2050, Paris n'est plus qu'un torrent de violences, le terrain de jeu de fanatiques déchus. L'air n'est plus respirable. Les hologrammes ont remplacé les hommes. Le travail n'est plus que le privilège de quelques-uns. Sous l'hégémonie de Dame Consommation, il est devenu interdit de fabriquer et réparer.
Ce livre est un signal d'alerte. Il est futuriste sans être fantaisiste. Un livre terrifiant de vérités aux premières pages et saisissant d'espoir aux dernières. Un très beau roman d'anticipation, empli d'humanité. Un bel appel au vivre ensemble et au retour à l'autosuffisance.
How much do you need to know about electronics to create something interesting, or creatively modify something that already exists? If you'd like to build an electronic device, but don't have much experience with electronics components, this hands-on workbench reference helps you find answers to technical questions quickly.
Filling the gap between a beginner's primer and a formal textbook, Practical Electronics explores aspects of electronic components, techniques, and tools that you would typically learn on the job and from years of experience. Even if you've worked with electronics or have a background in electronics theory, you're bound to find important information that you may not have encountered before.
Among the book's many topics, you'll discover how to:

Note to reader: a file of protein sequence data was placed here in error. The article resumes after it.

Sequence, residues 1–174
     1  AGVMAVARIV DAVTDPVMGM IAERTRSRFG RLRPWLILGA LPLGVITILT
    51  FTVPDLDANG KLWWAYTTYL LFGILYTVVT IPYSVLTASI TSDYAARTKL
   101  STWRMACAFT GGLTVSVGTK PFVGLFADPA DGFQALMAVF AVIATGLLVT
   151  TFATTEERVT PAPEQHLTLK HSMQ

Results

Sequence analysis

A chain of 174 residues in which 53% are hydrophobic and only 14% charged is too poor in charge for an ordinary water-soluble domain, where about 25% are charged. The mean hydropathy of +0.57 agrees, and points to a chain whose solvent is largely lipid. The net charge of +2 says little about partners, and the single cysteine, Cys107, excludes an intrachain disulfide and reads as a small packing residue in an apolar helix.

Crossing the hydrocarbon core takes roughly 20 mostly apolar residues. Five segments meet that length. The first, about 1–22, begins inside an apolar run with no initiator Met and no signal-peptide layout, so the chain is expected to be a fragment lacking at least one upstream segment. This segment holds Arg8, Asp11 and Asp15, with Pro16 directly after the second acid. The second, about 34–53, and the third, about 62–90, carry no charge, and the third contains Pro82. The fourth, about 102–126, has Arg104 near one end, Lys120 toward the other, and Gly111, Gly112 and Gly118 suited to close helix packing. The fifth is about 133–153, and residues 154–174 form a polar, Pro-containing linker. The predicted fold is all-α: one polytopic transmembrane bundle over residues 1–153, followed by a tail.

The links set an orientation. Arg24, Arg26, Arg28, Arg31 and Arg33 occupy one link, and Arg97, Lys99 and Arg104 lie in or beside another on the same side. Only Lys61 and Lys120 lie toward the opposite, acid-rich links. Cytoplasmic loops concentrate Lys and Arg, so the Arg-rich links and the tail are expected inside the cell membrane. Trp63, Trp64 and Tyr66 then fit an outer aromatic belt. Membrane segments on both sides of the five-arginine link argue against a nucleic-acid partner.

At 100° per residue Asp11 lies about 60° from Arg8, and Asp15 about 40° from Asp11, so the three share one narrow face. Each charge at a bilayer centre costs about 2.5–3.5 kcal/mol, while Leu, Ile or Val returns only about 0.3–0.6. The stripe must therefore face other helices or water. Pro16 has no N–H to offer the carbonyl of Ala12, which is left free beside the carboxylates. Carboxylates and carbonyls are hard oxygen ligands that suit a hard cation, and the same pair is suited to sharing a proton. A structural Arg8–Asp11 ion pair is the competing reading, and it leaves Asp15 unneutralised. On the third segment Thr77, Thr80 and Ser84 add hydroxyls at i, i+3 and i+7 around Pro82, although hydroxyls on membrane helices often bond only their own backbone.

- Read and understand the datasheet for an electronic component
- Use uncommon but inexpensive tools to achieve more professional-looking results
- Select the appropriate analog and digital ICs for your project
- Select and assemble various types of connectors
- Do basic reverse engineering on a device in order to modify (hack) it
- Use open source tools for schematic capture and PCB layout
- Make smart choices when buying new or used test equipment
John M. Hughes is an embedded systems engineer with over 30 years of experience in electronics, embedded systems and software, aerospace systems, and scientific applications programming. He was responsible for the surface imaging software on the Phoenix Mars Lander and was part of the team that developed a novel synthetic heterodyne laser interferometer for calibrating the position control of the mirrors on the James Webb Space Telescope. Over the years he has worked on digital engine control systems for commercial and military aircraft, automated test systems, radio telescope data acquisition, 50+ gigapixel imaging systems, and realtime adaptive optics controls for astronomy. On his own time (when he has any) he likes to do cabinetry and furniture design, build microcontroller-based gadgets for use with greenhouses, bees, and backyard urban chickens, and write books.